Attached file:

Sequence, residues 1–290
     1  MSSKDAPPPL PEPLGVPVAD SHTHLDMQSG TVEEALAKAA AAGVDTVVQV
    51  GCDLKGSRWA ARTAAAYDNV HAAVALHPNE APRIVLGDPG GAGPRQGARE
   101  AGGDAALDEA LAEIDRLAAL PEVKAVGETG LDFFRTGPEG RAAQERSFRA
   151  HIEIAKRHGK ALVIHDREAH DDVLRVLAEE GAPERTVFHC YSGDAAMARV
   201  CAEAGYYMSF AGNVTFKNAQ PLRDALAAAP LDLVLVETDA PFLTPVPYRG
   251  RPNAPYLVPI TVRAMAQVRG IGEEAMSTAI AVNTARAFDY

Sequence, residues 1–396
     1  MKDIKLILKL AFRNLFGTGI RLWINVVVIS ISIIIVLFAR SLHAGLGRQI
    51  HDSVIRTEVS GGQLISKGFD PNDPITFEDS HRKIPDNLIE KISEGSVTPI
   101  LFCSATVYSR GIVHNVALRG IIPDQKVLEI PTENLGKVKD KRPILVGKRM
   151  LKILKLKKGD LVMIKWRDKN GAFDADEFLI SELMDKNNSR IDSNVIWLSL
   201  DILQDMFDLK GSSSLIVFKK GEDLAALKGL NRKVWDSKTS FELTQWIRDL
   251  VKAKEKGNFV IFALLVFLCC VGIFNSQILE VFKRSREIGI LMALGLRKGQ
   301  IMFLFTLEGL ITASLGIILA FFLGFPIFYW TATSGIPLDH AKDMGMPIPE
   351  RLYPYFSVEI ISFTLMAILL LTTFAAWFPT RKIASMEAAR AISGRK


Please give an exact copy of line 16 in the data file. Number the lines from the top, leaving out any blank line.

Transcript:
   351  RLYPYFSVEI ISFTLMAILL LTTFAAWFPT RKIASMEAAR AISGRK